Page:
Good news, everyone! While rummaging through all my old stuff at home, I found my long-lost copy of Toto IV. Huzzah for me! This is entirely unrelated to what I wanted to talk about, but I have it on good authority that Toto's Africa syncs up really well with this post [1]. I'll tell you when to press play. Anyway, what I really wanted to talk about was a fairly well-posed problem in Futurama. In the episode "Crimes of the Hot," all of the Earth's robots vent their various "exhausts" into the sky at the same time, using the thrust to push the Earth into an orbit slightly further away from the sun. As a result of this new orbit, the year is made longer by "exactly one week." Anything that quantitative is pretty much asking to be analyzed. Let's explore this problem a bit more then, why not? [ Those wishing to get the full aural experience of this post should pressplay on their cassette players ... now ] First, a little background. In this episode, it is learned that all the robots (especially Hedonism Bot) emit the greenhouse gases responsible for Global Warming. The previous solution (detailed here) is no longer viable, so it is decided that all robots must be destroyed (especially Hedonism Bot). The disembodied head of Richard Nixon rounds up all the world's robots on the Galapagos [2] to have a "party" so that they may be destroyed by a giant space-based electromagnetic pulse cannon. In a last-ditch effort to save the robots, Professor Farnsworth has all the robots blast their exhausts into the sky, using the thrust to push the Earth into an orbit further away from the sun, thus solving the problem of global warming once and for all. As a result of changing the Earth's orbit, the year is "exactly one week longer." First Pass Through Ok, so what can we say about the new orbit if all we know is that its orbital period is exactly one week longer? Well, we know from our good buddy Kepler that the square of the period of a bound orbit is proportional to the cube of its semi-major axis [3], so $$\tau^2 \propto a^3.$$ We already know the Earth's period (1 year) and semi-major axis (1 AU) before the robo-boost, so we can get rid of the proportionality by writing things in terms of the initial values. In other words, $$\left(\frac{\tau}{1\~\mbox{yr}}\right)^2=\left(\frac{a}{1\~\mbox{AU}}\right)^3.$$ Alright, so we know that our new orbital period is 1 year + 1 week, or since there are 52 weeks in a year, 53/52 years. So our new semi-major axis is $$a = \left(\frac{1 + 1/52\~\mbox{yr}}{1\~\mbox{yr}}\right)^{2/3}\mbox{AU}\approx1.013\~\mbox{AU},$$ or a little over 1% larger than it is currently. Fair enough. So would this fix Global Warming for ever and ever? Let's see. The solar flux at some distance d is given by $$S = \frac{L_{\odot}}{4\pi d^2},$$ where L is the luminosity of the sun. So the ratio of the flux at the new semi-major axis [4] to that before the orbit was changed is $$\frac{S}{S_0}=\left(\frac{a_0}{a}\right)^2=\left(\frac{a}{1\~\mbox{yr}}\right)^{-2}.$$ OK, so we have the flux, but how do we relate this to temperature? Well, we know that the power radiated by a blackbody of temperature T is given by $$P = \sigma A T^4,$$ where sigma is the Stefan-Boltzmann constant, A is the area of the emitting region and T is the temperature. For a blackbody in equilibrium, the power coming in is going to be equal to the power going out. The power coming in is just the solar flux times the cross-section area of Earth, given by $$P_{in} = S\times\pi R^2_{\oplus}$$ and the power going out is just that radiated by the Earth as a blackbody $$P_{out} =\sigma \times 4\pi R^2_{\oplus}\times T^4.$$ Equating the power in to the power out gives $$T = \left( \frac{S}{4\sigma}\right)^{1/4}.$$ Now we can find the ratio of the new average Earth temperature to the temperature before the orbital move. We have $$\frac{T}{T_0} =\left( \frac{S}{S_0}\right)^{1/4}=\left( \frac{a_0}{a}\right)^{1/2}\approx0.994$$ If we take the initial average Earth temperature to be something like T = 300 K, then we find a new temperature of T = 298 K. Huzzah, a whole 2 degrees cooler! That may not sound like a lot, but remember, that's the mean global temperature. Apparently, it only takes a few degrees increase in global average temperatures to make things a bit uncomfortable for people. The IPCC indicates that the average global surface temperature on Earth in the next century is likely to rise by about 1 to 2 degrees under optimistic scenarios or about 3 to 6 degrees under pessimistic scenarios. So the robo-boost option is at least in the right ballpark here. Neat! How Big Is The Push? So how big of a push did the robots need to give the Earth to boost it out to this new orbit? Is this possible? Let's find out! First we need to find out how the Earth's velocity has changed. We can do this by finding the change in energy. The total energy of a bound orbit is given by $$E = -\frac{k}{2a}$$ where a is the semi-major axis of the orbit and k= GMm. So the difference in Earth's energy before and after the robo-boost is $$E_f - E_0 =-\frac{k}{2a_f}-\left(-\frac{k}{2a_0}\right)=\frac{k}{2a_0}\left(1-\frac{a_0}{a_f}\right).$$ But we also know that Earth's energy in the orbit is given by $$E = -\frac{k}{r} + \frac{1}{2}mv^2,$$ so the difference in energy before and after is $$E_f - E_0 =\frac{1}{2}m\left(v^2_f-v^2_0\right),$$ where we have found the energies immediately before and immediately after the boost so Earth is pretty much at the same distance from the sun, so the potential energy terms cancel. Combining our expressions for the change in energy and solving for the final velocity, we find $$v_f = \left[\frac{GM_{\odot}}{a_0}\left(1-\frac{a_0}{a_f}\right)+v^2_0\right]^{1/2}.$$ Taking the initial orbital velocity of the Earth to be 30 km/s, we find that the final velocity of the Earth immediately after the robo-boost is $$v_f = 30.2\~\mbox{km/s}$$ So the robots just need to give a "little" 200 m/s boost to the Earth, right? Well, we are adding velocity vectors here, so it depends on which direction the robots are pushing. The magnitude of the final velocity is given by $$v_f = \sqrt{\left({\bf v_0}+{\bf \Delta v} \right)^2}=\sqrt{v^2_0+\Delta v^2-2v_0\Delta v \cos{\beta}},$$ where delta v is the boost in velocity caused by the robots and beta is the angle between the initial orbital motion of the Earth and the velocity boost from the robots. If they wanted to make it slightly easier on themselves, the robots would have boosted the Earth in the direction it was already moving. That would make the cosine beta term equal to one and thus minimize the necessary boost. However, in the show the robots appear to point their exhaust right at the sun (see figure below). This is essentially at a 90 degree angle to the Earth's orbital motion, so the cosine beta term goes to zero in our expression above. Plugging it all in we find that the magnitude of the robo-boost is $$\Delta v \approx 3.5\~\mbox{km/s}.$$ We see that this is a fair bit larger than the 0.2 km/s needed for a boost parallel to Earth's initial velocity.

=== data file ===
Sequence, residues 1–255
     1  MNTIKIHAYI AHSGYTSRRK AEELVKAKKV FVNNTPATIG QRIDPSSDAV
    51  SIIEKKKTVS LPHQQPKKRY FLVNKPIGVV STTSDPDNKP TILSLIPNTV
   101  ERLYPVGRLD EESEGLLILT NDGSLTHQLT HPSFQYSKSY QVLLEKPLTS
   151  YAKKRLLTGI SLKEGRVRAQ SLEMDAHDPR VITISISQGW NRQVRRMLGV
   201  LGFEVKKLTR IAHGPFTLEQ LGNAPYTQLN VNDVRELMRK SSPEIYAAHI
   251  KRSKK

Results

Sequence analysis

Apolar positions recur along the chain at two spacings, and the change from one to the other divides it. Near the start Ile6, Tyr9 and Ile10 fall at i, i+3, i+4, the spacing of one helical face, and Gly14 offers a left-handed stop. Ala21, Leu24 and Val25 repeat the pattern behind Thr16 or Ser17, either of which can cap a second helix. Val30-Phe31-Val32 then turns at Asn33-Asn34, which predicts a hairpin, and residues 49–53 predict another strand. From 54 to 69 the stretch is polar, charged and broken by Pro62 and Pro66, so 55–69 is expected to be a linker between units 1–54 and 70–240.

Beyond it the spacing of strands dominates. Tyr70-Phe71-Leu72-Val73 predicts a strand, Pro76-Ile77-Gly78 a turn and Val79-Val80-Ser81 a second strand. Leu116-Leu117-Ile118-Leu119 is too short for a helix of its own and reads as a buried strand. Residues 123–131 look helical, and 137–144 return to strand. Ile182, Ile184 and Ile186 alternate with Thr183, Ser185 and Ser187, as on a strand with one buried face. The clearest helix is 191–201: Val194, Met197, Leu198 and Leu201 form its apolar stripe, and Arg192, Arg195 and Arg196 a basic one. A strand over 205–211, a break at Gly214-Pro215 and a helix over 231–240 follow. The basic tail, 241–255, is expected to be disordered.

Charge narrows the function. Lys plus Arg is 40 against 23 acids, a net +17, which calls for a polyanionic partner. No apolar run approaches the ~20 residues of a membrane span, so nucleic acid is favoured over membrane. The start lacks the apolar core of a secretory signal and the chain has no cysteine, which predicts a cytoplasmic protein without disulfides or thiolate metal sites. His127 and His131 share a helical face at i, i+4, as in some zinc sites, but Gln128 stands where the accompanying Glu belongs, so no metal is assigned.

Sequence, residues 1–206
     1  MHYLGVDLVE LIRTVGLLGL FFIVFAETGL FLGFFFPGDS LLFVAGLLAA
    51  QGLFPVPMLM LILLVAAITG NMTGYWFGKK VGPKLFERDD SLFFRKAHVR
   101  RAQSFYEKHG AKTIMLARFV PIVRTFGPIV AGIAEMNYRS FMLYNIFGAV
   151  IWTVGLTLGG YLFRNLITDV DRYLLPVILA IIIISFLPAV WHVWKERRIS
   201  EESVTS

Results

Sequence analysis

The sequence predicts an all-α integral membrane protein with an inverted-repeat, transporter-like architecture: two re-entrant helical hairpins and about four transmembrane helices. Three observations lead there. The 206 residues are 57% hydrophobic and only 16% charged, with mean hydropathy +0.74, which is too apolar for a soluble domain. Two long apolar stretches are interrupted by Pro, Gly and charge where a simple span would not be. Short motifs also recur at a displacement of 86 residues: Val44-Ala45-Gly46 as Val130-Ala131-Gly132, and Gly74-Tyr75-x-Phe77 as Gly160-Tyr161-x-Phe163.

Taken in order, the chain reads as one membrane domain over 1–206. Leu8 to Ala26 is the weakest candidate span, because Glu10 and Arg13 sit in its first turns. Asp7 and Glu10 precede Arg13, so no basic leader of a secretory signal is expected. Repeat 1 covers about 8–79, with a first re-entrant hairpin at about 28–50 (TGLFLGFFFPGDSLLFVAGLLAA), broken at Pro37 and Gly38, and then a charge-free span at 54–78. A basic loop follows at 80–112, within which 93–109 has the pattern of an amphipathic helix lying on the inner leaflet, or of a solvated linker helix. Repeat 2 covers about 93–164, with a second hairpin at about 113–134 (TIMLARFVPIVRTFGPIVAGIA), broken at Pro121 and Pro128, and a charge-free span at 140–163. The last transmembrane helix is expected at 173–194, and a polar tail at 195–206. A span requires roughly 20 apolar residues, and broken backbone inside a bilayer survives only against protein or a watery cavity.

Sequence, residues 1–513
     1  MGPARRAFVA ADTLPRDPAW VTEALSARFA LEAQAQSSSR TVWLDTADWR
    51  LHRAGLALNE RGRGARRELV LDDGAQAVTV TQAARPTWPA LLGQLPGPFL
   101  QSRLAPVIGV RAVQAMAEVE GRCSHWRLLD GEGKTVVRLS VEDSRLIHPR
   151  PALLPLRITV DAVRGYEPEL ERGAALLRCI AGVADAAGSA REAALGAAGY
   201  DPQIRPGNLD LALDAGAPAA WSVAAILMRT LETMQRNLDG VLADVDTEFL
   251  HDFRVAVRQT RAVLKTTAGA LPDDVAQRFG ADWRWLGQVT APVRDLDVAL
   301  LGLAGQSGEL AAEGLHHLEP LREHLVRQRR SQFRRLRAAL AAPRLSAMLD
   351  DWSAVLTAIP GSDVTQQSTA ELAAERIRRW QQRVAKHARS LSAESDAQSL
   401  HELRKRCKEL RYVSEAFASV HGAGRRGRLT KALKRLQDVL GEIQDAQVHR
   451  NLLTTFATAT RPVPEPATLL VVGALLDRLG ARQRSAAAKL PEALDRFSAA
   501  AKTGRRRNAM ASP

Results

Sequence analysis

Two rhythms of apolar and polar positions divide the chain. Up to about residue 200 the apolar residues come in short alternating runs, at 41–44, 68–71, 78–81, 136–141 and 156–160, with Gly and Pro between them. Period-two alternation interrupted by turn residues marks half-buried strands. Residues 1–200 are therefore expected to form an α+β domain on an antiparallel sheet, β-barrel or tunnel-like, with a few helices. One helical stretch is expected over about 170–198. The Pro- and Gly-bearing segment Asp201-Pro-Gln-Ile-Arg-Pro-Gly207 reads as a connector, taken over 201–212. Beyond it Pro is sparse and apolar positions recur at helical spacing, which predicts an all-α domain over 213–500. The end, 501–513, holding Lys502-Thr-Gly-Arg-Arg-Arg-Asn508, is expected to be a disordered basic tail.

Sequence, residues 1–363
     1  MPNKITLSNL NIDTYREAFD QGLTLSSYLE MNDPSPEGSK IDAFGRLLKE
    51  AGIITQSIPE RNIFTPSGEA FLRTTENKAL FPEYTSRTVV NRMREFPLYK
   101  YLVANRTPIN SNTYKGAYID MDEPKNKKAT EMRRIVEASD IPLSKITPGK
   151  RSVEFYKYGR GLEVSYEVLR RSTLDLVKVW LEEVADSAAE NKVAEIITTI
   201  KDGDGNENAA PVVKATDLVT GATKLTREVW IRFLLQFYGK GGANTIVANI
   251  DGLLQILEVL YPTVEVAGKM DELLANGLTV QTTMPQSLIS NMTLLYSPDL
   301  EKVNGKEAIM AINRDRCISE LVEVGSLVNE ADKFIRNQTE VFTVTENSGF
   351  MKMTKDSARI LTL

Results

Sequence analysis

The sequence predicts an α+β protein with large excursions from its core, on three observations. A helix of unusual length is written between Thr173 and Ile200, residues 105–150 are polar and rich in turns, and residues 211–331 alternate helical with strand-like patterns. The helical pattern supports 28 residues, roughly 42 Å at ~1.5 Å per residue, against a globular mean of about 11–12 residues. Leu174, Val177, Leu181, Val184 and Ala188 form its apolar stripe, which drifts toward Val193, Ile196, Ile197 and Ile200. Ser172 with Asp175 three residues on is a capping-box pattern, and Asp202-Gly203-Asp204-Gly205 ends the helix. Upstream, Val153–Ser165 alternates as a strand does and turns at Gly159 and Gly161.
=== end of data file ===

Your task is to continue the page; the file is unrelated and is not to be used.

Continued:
Robots blasting from the Galapagos (which now appear to be in China...)